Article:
Friday, February 4, 2011

All things smocking!

Ok, those of you that know me, know that I consider myself a novice seamstress(for lack of a better word.) I haven't been sewing long(I just got a new machine in July 2010, and it's a basic Brother LX-3125.) So, there are many techniques that I do not know, and was afraid to attempt. However, there is no room in the crafter's world for fear. You need to just jump in and try it! You may surprise yourself. :)

So, I've been having trouble sleeping lately, and that usually ends up being the time that I browse craft blogs, sewing sites, etc. I was recently directed to this site:

It has a lot of projects, tips, tricks, and techniques on it, and it's all FREE. So, I browsed around and came across a few smocking tutorials. I love the look of smocked fabric, it makes wonderful children's clothing. I know a few fabric stores sell already smocked fabric by the yard. However, with these wonderful tutorials, I know I will not be paying for smocked fabric anymore!

Onto the smocking.

The first one I'm going to share with you is called knot smocking. It is done by machine, and works up really quickly. I haven't tried this one yet, so I don't have any personal photos. She includes a video, which is really helpful for all you visual learners!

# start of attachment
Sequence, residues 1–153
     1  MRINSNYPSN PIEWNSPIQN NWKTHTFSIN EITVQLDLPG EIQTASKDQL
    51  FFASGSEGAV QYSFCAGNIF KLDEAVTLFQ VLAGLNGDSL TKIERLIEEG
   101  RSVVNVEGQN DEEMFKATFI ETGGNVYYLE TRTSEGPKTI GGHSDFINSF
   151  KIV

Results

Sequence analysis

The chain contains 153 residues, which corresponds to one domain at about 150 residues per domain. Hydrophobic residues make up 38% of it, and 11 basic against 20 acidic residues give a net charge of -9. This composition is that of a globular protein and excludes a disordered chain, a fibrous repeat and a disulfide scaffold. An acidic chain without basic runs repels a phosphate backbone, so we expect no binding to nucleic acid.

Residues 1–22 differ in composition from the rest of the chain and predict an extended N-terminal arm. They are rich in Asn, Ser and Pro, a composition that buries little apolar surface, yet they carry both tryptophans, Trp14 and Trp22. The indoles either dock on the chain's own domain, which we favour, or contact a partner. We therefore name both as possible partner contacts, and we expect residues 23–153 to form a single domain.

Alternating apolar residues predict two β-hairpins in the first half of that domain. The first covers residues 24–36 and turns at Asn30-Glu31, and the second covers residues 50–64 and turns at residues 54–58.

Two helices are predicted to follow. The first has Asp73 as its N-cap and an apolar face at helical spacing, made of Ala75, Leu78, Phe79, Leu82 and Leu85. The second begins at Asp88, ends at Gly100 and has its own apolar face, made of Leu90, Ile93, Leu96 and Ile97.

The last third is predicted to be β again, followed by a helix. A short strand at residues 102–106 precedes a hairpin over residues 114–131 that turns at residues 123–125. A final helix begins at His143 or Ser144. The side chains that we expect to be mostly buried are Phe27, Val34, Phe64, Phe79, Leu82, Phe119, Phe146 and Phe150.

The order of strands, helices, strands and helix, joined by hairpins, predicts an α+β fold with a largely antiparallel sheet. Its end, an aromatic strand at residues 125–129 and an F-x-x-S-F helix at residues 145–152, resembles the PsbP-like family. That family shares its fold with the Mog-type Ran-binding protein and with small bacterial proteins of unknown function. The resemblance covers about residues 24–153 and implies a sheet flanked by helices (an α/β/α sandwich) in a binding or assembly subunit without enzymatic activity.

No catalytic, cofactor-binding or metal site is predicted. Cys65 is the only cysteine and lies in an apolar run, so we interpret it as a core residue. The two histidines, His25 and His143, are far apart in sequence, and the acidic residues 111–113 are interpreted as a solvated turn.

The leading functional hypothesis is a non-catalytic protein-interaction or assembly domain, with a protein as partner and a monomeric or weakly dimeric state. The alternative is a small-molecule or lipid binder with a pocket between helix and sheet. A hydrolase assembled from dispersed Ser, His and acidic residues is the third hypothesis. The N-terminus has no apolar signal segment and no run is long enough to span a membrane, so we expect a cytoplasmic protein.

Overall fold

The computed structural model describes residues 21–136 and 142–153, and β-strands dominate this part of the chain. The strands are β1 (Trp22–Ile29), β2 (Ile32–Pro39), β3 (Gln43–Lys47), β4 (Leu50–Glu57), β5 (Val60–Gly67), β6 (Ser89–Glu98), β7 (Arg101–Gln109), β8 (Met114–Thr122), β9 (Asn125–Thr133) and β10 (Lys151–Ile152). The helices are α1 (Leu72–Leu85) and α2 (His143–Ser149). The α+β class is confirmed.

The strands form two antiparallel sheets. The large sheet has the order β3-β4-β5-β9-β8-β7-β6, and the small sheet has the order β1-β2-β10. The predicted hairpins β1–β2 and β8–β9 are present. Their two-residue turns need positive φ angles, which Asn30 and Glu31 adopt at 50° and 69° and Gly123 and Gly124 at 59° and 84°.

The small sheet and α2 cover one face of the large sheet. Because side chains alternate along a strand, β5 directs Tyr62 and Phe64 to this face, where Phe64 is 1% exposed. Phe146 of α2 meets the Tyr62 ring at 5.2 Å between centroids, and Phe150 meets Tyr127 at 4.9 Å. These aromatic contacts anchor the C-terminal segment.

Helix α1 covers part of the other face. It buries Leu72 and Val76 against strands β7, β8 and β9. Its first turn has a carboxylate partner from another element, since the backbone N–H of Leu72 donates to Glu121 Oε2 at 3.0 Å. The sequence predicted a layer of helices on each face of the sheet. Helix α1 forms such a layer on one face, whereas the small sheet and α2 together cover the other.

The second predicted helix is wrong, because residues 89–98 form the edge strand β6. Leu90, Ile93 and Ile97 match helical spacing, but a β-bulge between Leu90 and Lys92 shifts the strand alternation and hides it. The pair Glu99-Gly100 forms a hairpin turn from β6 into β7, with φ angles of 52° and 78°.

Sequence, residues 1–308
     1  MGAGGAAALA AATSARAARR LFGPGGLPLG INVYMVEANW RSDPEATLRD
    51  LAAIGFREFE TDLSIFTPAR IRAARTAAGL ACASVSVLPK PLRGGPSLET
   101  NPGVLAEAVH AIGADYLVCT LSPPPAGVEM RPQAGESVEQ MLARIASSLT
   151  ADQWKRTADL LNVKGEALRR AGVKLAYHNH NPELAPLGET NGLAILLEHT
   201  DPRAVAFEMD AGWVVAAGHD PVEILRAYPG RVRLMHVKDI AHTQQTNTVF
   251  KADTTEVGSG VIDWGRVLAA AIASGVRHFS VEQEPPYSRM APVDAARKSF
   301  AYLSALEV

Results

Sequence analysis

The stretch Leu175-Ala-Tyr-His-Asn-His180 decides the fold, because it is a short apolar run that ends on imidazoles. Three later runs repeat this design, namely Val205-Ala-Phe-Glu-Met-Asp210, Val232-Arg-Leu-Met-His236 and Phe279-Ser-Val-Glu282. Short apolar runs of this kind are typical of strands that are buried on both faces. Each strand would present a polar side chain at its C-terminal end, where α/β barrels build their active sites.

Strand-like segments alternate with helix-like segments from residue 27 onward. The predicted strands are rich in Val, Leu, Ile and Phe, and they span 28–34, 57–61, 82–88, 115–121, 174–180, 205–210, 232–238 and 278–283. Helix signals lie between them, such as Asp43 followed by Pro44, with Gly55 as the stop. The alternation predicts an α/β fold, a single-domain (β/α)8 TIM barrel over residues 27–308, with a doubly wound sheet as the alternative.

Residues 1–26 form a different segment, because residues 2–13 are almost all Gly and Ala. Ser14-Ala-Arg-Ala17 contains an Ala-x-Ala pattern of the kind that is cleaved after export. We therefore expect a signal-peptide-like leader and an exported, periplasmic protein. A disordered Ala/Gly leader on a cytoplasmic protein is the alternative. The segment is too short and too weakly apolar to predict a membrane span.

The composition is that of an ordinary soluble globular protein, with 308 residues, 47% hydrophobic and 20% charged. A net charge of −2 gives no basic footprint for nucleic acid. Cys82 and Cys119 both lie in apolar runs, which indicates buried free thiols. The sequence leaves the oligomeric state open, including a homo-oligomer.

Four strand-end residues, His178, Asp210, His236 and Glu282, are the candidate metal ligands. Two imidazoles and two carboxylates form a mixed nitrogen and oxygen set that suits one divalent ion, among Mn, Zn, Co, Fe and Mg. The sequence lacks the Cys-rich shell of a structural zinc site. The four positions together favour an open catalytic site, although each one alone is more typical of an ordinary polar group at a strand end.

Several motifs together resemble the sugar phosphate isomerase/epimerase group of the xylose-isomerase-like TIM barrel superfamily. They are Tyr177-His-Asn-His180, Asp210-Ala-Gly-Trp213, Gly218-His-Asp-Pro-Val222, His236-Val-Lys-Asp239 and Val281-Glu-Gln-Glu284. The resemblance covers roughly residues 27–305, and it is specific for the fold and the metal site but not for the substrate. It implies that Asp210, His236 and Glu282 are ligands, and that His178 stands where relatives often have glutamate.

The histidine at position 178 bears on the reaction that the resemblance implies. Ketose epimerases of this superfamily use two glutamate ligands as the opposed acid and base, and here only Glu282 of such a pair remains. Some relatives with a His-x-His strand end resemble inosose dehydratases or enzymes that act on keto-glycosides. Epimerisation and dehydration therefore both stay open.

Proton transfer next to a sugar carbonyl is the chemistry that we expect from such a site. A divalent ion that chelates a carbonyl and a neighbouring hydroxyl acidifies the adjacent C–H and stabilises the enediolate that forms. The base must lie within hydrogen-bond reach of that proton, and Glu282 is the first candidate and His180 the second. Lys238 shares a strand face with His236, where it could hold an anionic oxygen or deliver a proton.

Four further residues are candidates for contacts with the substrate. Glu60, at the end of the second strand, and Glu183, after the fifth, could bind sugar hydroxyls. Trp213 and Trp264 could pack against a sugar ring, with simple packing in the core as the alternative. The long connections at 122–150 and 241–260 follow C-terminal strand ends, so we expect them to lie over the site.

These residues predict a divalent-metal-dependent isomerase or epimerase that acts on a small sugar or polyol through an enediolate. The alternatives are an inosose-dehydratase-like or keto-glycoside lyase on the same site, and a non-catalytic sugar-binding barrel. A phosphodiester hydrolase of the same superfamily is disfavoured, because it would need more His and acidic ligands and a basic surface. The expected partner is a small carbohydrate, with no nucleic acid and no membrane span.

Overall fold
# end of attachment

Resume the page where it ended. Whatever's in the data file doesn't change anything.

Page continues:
I could see myself using this technique on pillows, or even a cape for a Halloween costume.

Next up, is the smocking that you see on the bolts in the fabric stores. It's also known as shirring. I have not attempted this one yet either, as we have been snowed in and I have no elastic thread on hand. It seems really simple though! This would be perfect for those summer dresses.

The next two are done by hand, require some patience, but they do not take long to work up. I've tried both of these, and really like the result. The best part about all of these smocking techniques? They do not require pleats!!

First up, the honeycomb smocking technique.

And here is my little swatch, which took me maybe 30 minutes:
Very cute, and very useful!

The second hand smocking technique comes from that same site, and it's called lattice smocking. It requires a bit more patience, and is a little more complicated, but the end result is beautiful!!

And here is my little swatch, which took me slightly longer:

Hopefully, you'll give smocking a try, and add some fun texture to your projects!